Cable Beach sunset
Visit Cable Beach to watch the spectacular sunset over the Indian Ocean.
Gantheaume Point sunset
Gantheaume Point provides a less crowded alternative to Cable Beach for watching the sun drop below the horizon. With its rock formations, it also offers a different perspective from that of Cable Beach.
Unfortunately, on the evening of my sunset tour to Gantheaume Point, there was thick cloud cover. Even so, I found the sun escaping through the clouds to be visually pretty and quite different to that of Cable Beach’s lens-filling red.
Staircase to the Moon
Staircase to the Moon photo credit: Tourism Western Australia
Staircase to the Moon is an optical illusion created by a natural phenomenon. This spectacular vision occurs when a rising full moon is reflected in the exposed mudflats of Roebuck Bay at extremely low tide. Thus, creating the illusion of a stairway reaching to the moon.
Staircase to the Moon happens for 2-3 days each month between March and November. The best place to witness the Staircase to the Moon is at Town Beach.
Dates and times to observe Staircase to the Moon are available from Broome Visitor Centre.
Whale Watching and Sunset Cruise
A sunset cruise along Western Australia’s coastline with the chance to see Humpback whales is a relaxing way to spend four hours in the late afternoon.
The cruise I took was on a catamaran with a fully licensed and serviced bar onboard. Fresh canapes, fruit, cheese platter and non-alcoholic drinks were complimentary. Unfortunately, no whales were sighted.
The Broome Courthouse Markets are held in the heritage-listed gardens of the Broome Courthouse. The markets are a significant tourist attraction in Broome and host up to 115 creative stalls in the dry season.
Hours: The Courthouse Markets run annually on Saturdays from 8 am – 1 pm and the same hours on Sundays between April and October.
Town Beach Night Markets
The Town Beach Night Markets are held every Thursday night (4 pm – 8 pm) from June to September. The markets are located at Town Beach Reserve on Hamersley Street.
The day I arrived in Broome (3rd June) was the first Town Beach Night Markets held for the season. I wandered around the various stallholders displaying a variety of crafts and wares, checked out the food vans offering international and local cuisine, and listened to live music while I ate my dinner.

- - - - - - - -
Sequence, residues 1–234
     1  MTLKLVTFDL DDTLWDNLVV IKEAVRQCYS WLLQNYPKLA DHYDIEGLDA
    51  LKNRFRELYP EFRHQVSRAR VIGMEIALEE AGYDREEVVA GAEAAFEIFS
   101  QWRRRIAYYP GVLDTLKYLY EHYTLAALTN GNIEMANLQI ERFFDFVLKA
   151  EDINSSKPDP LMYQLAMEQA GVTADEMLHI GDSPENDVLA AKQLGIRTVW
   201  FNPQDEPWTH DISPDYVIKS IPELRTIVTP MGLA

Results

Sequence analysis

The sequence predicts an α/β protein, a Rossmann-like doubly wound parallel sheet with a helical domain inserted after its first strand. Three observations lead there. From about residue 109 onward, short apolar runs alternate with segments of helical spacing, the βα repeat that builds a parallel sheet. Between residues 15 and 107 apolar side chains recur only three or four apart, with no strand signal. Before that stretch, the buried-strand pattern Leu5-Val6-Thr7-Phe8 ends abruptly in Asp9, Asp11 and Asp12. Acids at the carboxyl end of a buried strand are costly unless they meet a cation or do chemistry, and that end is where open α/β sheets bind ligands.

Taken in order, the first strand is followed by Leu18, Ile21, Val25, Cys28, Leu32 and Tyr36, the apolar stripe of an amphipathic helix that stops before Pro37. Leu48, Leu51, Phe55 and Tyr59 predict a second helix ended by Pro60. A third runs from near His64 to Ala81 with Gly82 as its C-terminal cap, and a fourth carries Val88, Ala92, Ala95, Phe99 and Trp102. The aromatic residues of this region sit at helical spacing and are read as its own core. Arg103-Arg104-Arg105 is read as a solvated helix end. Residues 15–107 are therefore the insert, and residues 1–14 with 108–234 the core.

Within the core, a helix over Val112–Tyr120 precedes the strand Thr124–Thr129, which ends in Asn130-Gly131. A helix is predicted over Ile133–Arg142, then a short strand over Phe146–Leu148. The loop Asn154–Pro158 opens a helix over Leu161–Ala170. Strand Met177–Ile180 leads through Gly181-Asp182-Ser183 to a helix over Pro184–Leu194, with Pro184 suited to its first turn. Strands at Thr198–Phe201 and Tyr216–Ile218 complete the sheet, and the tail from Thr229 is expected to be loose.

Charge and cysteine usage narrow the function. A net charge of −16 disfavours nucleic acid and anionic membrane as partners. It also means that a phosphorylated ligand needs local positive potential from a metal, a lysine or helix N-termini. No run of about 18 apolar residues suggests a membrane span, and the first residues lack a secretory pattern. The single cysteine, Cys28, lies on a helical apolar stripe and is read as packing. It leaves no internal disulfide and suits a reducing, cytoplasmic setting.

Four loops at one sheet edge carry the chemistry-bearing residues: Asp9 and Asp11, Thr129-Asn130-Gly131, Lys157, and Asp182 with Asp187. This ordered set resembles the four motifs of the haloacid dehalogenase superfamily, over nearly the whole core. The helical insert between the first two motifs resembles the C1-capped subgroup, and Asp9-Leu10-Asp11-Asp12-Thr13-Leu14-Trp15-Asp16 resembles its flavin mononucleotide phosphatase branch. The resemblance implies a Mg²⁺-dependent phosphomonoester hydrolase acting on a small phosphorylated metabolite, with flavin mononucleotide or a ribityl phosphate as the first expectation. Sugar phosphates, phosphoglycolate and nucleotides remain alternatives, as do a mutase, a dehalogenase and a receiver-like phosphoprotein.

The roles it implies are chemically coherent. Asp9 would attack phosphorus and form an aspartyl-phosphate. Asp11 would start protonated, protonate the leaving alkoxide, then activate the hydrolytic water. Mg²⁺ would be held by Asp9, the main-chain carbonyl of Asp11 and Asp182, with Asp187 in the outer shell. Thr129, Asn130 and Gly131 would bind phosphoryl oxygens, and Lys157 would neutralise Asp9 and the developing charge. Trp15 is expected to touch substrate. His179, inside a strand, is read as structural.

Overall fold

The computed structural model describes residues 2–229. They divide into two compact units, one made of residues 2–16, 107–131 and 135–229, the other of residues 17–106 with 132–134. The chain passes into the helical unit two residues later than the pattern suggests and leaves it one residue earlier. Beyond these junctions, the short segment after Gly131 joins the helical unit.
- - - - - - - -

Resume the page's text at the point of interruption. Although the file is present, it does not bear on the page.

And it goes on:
Broome is flat and easy to walk around. When I wasn’t walking, I took the Broome Explorer Bus. The map and timetable are accessible online (and from the Visitor Centre and hotels). 24- and 72-hour passes are available online. I opted to purchase a single ticket on the bus for each trip I took. A single ticket (return tickets are not an option) costs $4.50 (adult) per trip for one to unlimited stops.
Take the time to visit Broome Visitor Centre at 1 Hamersley Street for all your travel needs: what to see and do, activities, tours, getting around Broome, and places to stay. I found the staff most helpful, friendly, knowledgeable, and willing to spend as much time with me as I needed. They suggested activities, booked tours for me, checked tours availability, and provided maps – all with a smile. In the Visitor Centre, you will find better quality souvenirs to take home.
I did buy myself a souvenir but not from Broome Visitor Centre. I purchased a traditional carved pearl shell (Riji) by indigenous Bardi elder and artist Bruce Wiggan. Each of Bruce’s carvings is unique and tells a story of culture through the red and ochre lines. My Riji is ‘Old People Teaching’. It is about the old people teaching the young ones the stories and traditions of making the raft (goolwa) – where to find the best mangrove wood and how to shape them. The outside lines depict the currents and tides best for riding. I bought the traditional carved pearl shell at Cygnet Bay Pearls in Broome’s Chinatown, 23 Dampier Terrace.
My Riji purchase: ‘Old People Teaching’
When to go
Broome has no summer or winter, just wet or dry due to its tropical monsoon climate. The wet season is November to April, and the dry season is May to October.
If you want to avoid oppressive heat and humidity, cyclones, and flooded rivers, then travel to Broome and the Kimberley in the dry season. Much of the Kimberley is impassable during the wet season. Flooded rivers isolate towns, accommodation, and inhabitants during the wet season.
Have you been to Broome in the Kimberley, Western Australia? Which activities would you like to share with readers? If you haven’t visited Broome, is this a destination that tempts your wanderlust? If you only had time for one activity, which would that be? Please leave a comment below to share your thoughts.